Last weekend I attended Agile Coach Camp Norway 2012. The event was just great! I came back with a lot of useful stuff. In this post I’ll recap the open space session I proposed and hosted with Mads Troels Hansen: Helping managers.
I’ve seen my share of Agile transitions. The critical factor in getting all the benefits off one is for me that the whole organization transitions to a more agile way of working. Managers can do a big part in that. My proposed problem for the session was how could we as agile coaches help the managers to transition to the kind of management role demanded in an agile organisation.
As we talked we made several observations about things worth taking into account when trying to help managers get accustomed to the agile way of thinking. I’ve listed them in their own categories below. The categorization is my own and made after the session.
The first category I identified is the outcomes we want to have for the managers and the whole organization.
- Build mutual trust between management and developers
- Have common language for managers, business and developers alike
- Safety for middle managers to try different approaches
- Learning is encouraged for managers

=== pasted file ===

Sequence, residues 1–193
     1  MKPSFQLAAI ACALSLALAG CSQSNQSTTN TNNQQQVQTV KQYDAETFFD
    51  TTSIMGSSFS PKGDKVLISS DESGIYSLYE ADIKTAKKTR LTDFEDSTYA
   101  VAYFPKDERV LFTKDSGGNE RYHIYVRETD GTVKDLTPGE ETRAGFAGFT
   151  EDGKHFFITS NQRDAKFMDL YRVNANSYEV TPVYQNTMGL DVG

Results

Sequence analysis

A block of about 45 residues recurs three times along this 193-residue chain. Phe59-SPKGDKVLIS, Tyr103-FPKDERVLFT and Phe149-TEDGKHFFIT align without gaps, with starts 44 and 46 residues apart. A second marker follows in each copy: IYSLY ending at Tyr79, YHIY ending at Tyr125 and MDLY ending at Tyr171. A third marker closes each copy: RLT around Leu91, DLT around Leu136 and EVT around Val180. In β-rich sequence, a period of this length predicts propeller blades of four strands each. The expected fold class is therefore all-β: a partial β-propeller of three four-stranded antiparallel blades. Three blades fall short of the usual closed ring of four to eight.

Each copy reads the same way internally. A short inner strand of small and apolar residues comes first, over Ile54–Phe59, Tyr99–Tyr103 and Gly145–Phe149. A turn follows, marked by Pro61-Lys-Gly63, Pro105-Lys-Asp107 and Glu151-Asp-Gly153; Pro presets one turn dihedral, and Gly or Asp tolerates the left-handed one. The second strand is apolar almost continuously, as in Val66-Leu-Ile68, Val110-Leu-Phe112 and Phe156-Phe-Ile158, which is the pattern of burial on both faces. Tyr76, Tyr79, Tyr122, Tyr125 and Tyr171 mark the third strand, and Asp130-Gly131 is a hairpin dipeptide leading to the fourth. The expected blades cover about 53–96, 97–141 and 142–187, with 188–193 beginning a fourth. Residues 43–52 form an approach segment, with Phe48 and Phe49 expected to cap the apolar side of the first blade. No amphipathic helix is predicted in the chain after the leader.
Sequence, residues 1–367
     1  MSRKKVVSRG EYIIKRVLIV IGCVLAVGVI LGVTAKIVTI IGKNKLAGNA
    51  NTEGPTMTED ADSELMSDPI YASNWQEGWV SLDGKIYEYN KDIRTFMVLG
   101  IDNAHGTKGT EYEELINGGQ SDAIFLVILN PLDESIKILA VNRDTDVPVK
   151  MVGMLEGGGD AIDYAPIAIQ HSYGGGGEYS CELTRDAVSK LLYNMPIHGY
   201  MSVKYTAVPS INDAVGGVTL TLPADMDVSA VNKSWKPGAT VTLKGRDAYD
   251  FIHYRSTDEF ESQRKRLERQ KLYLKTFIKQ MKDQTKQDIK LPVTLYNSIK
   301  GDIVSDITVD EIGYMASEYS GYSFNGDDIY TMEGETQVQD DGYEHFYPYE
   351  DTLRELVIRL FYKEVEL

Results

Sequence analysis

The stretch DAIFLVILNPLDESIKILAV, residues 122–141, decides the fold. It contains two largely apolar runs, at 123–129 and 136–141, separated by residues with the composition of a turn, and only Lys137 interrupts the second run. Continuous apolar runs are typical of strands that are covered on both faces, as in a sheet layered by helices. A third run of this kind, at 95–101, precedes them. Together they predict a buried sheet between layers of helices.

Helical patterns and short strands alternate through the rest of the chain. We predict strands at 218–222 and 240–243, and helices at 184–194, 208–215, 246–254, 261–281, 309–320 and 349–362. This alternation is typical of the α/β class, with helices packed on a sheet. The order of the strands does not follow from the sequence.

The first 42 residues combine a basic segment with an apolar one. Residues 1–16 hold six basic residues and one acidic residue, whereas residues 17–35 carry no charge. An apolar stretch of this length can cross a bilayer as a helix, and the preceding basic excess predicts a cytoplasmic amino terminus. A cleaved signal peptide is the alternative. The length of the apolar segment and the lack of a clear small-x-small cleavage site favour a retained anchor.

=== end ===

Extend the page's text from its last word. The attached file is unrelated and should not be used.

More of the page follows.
- Company culture embraces constant change
- Company culture supports experimentation
- Managers are aware of their authority (are present, listen)
- Peer support and peer coaching between managers
At the session I felt that we mostly identified these. After examining the notes we made I noticed that there was actually just a few of them:
- Punishment culture
- Competition between managers
- Project thinking
Techniques to help
This was my idea of the most valuable income of the session: Concrete techniques we could try to with managers:
- Figure out the managers’ top fears (listen, be present)
- Have an internal management change agent (who knows agile)
- Suggest hiring that person
- Visualize the benefits of agile (systems thinking)
- visibility, adaptability etc.
- Offer systems thinking tools to support management decision-making
- Department retrospectives
- Company retrospectives
- Support managers’ learning of coaching skills
- “Walking the talk” – showing a good example
These were more general than the techniques and not that straight-forward to implement, so I separated them to their own category:
- Target top management, not middle management
- middle management does not have say on big changes
- Get rid of middle management (as much as you can)
- Influence top management to change the management structure (=> flatter)
Got any more techniques or things to try? Please add your input to the comments.
Photos of the notes blankets by Olaf Lewitz.